Rec­tify in­se­cure ten­ure

The Witness - - OPINION - Eus­tace Davie and Mar­tin van Staden • Eus­tace Davie is a direc­tor and Mar­tin van Staden a le­gal re­searcher at the Free Mar­ket Foun­da­tion.

IN 1991, the apartheid gov­ern­ment com­mit­ted its gravest vi­o­la­tion of hu­man rights: deny­ing black South Africans own­er­ship of land.

How did it do this?

It passed the Up­grad­ing of Land Ten­ure Rights Act (Ul­tra). Ul­tra’s ob­jec­tive was to up­grade lesser forms of ten­ure in town­ships to full own­er­ship and to in­cor­po­rate the reg­is­tra­tion of these up­graded rights in the for­mal deeds registry sys­tem. It es­tab­lished a mech­a­nism whereby the new own­ers of about five mil­lion prop­er­ties could submit doc­u­ments prov­ing their own­er­ship and have that fact recorded in the deeds registry.

At the same time, the gov­ern­ment re­pealed the Na­tives Land Act of 1913. In one fell swoop, it abol­ished the act that had pro­hib­ited black South Africans for 78 years from own­ing prop­erty in over 80% of SA, and per­formed a mass trans­fer of own­er­ship of all prop­er­ties in for­malised town­ships. Ul­tra also pro­vided that upon com­ple­tion of fur­ther sur­veys and es­tab­lish­ment of for­mal town­ships, the same rules would ap­ply.

Yet, de­spite Ul­tra and the re­peal of the Na­tives Land Act, many black South Africans re­main ten­ants on their own prop­erty. The rea­son for this is sim­ple: the own­ers of these ur­ban town­ship plots were not told about their up­graded ten­ure. Ul­tra was passed and filed away. Some municipali­ties took no­tice, but the mass of town­ships re­main un­up­graded. Deeds of­fices were ei­ther un­in­formed or ne­glected to doc­u­ment the huge shift in own­er­ship from the state to the peo­ple.

Those who live on the prop­er­ties con­cerned are, by law, true and full own­ers, but this fact has not been recorded in a registry nor do they pos­sess ti­tle deeds. This makes their own­er­ship al­most use­less. They can­not sell or let their prop­er­ties with­out pro­duc­ing proof of own­er­ship and so are com­pelled to stay where they are. The choices of par­ents want­ing to move closer to their chil­dren, and fam­i­lies wish­ing to take up jobs else­where are lim­ited by not be­ing in pos­ses­sion of a ti­tle deed to their prop­erty. They also can­not bor­row against their prop­erty. Most wor­ry­ing is that a fu­ture gov­ern­ment may re­peal Ul­tra, af­ter which it be­comes an open ques­tion as to whether town­ship in­hab­i­tants re­tain the own­er­ship granted to them but not recorded on a plot-by-plot ba­sis. These prob­lems would be avoided if their own­er­ship was recorded and their ti­tle deeds trans­ferred to them on an ex­pe­dited ba­sis.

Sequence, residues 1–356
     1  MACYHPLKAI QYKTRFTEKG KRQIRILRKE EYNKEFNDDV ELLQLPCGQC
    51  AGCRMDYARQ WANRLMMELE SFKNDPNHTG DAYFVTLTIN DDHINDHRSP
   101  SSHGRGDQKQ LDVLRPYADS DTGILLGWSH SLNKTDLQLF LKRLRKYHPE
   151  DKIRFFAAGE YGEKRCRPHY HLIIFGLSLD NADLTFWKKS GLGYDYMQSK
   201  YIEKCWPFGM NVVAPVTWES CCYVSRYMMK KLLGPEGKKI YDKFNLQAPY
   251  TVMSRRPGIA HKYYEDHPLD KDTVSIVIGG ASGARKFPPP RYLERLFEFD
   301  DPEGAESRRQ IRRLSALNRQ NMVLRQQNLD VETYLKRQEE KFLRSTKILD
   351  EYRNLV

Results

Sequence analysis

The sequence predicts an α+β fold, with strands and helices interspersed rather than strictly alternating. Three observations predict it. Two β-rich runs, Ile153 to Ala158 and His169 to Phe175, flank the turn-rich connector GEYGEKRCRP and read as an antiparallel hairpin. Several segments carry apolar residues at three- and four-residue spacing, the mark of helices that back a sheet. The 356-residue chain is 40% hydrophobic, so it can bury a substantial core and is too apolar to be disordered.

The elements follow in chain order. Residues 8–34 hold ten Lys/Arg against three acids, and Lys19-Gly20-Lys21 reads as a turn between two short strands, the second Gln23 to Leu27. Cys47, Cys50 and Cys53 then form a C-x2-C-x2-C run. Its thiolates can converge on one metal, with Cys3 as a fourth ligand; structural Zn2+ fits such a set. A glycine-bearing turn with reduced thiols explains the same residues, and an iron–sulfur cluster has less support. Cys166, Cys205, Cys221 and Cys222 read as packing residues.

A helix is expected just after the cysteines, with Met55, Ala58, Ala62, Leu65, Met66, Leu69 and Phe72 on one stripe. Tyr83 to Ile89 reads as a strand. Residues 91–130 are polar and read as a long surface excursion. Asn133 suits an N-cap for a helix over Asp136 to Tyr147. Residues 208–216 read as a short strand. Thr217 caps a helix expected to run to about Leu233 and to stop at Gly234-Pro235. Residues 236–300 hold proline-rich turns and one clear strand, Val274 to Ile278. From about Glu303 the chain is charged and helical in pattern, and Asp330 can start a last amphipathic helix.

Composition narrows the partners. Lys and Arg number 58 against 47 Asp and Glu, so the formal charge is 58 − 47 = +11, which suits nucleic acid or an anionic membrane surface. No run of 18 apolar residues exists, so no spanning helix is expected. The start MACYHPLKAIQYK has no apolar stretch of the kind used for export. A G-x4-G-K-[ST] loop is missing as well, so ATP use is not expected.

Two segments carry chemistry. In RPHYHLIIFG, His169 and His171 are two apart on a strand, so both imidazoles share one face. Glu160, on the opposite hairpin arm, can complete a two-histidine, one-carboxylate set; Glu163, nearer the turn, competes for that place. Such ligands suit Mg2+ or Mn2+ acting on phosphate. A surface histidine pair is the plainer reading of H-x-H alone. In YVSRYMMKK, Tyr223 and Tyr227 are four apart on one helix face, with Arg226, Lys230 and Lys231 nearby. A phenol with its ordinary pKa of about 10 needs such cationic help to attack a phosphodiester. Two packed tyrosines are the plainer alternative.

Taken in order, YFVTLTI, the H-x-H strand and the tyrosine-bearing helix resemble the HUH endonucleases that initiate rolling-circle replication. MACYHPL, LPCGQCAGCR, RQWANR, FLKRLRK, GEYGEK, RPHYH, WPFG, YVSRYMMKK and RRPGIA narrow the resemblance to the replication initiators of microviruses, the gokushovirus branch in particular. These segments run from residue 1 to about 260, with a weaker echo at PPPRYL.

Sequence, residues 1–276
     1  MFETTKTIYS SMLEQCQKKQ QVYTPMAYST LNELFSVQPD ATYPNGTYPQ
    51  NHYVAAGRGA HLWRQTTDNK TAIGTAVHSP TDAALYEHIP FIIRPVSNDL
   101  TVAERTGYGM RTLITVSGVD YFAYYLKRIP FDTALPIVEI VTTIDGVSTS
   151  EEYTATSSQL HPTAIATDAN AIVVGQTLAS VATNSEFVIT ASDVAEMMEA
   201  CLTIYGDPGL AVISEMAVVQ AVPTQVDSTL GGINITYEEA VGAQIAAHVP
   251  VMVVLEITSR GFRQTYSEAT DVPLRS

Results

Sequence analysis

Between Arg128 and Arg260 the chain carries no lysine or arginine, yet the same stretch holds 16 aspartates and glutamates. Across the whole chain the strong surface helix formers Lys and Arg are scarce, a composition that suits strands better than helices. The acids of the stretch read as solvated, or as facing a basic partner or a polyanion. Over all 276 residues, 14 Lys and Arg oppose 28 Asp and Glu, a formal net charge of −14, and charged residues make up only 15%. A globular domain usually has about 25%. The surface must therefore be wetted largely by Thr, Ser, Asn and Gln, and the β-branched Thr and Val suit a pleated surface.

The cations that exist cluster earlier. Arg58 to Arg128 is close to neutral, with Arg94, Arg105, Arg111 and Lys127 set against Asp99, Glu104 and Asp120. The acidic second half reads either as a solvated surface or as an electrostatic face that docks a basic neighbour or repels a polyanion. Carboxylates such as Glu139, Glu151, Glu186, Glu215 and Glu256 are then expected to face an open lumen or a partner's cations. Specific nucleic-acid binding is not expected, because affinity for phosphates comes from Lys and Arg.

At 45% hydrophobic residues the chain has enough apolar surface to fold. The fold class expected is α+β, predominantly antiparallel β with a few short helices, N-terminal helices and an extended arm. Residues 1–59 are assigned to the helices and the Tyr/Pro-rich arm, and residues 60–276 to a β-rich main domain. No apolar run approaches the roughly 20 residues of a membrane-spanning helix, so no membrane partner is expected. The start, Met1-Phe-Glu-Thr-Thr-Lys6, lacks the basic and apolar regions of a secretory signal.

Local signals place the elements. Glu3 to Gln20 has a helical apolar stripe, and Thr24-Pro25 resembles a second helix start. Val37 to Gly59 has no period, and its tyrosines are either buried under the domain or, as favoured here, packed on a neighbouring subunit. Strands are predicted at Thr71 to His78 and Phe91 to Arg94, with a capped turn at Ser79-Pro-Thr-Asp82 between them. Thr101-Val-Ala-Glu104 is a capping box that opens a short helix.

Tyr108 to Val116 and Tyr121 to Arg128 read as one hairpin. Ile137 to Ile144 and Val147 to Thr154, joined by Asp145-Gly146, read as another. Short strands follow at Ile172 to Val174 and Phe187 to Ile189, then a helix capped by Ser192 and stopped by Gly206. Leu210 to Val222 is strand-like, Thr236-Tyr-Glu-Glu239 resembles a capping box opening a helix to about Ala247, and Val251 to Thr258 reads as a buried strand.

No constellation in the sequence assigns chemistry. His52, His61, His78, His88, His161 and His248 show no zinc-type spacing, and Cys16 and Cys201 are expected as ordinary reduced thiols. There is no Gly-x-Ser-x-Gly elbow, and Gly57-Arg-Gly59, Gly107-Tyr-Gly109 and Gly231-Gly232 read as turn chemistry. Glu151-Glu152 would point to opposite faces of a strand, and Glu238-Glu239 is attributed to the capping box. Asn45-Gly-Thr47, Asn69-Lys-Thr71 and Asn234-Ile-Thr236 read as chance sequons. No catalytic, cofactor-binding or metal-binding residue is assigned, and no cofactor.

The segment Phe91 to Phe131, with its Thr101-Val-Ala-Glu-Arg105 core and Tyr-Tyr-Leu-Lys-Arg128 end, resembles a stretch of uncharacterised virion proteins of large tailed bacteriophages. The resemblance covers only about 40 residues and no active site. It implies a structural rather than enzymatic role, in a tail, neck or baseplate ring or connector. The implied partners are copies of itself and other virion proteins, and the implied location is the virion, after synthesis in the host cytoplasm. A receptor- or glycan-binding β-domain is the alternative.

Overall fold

The Free Mar­ket Foun­da­tion’s Khaya Lam (My Home) Land Re­form Project, with the sup­port of donors and co-op­er­a­tion from some municipali­ties, is chip­ping away at this task. It sees not only to hav­ing own­er­ship rights recorded but also the reg­is­tra­tion of trans­fers and the pre­sen­ta­tion to own­ers of the ti­tle deeds to their prop­er­ties. Ti­tles pre­sented and trans­fers in progress now to­tal 5 100. The es­ti­mated to­tal num­ber of prop­er­ties is five mil­lion.

The essence of the prop­erty rights story as far as black South Africans are con­cerned can thus be re­duced to:

• they were de­nied the right to own prop­erty in land for 78 years (be­tween 1913 and 1991);

• an es­ti­mated five mil­lion house­holds were given own­er­ship of the houses they oc­cu­pied but were not in­formed of this;

• those who have ti­tle deeds to prop­er­ties have had full prop­erty rights for 27 years (be­tween 1991 and 2018); and

• the re­moval of se­cure prop­erty rights by the pro­posed ex­pro­pri­a­tion with­out com­pen­sa­tion will once again re­turn black South Africans to the in­se­cu­rity they had dur­ing the apartheid years.

The ur­ban town­ship ex­ists today in much the same form as dur­ing apartheid. Municipali­ties own the land upon which town­ships and the in­hab­i­tants are un­able legally to sell, let or mort­gage the prop­erty they oc­cupy. They can­not re­gard “their” prop­er­ties in the same way as peo­ple do in sub­urbs. This lack of own­er­ship leads to a lack of in­vest­ment in the prop­er­ties by in­hab­i­tants and the ab­sence of a prop­erty mar­ket.

If we wish to see town­ships be­come mid­dle-class sub­urbs, own­er­ship must be ex­tended to the res­i­dents, not threat­ened by ex­pro­pri­a­tion. If the gov­ern­ment is se­ri­ous about re­form, it must shelve its plans to amend the Con­sti­tu­tion and start do­ing what the Con­sti­tu­tion ob­li­gates it to do: se­cure the ten­ure of those who have in­se­cure ten­ure be­cause of past racial dis­crim­i­na­tion. Land re­form is mean­ing­less if there is an ab­sence of pri­vate prop­erty rights. — FMF.

Newspapers in English

Newspapers from South Africa

© PressReader. All rights reserved.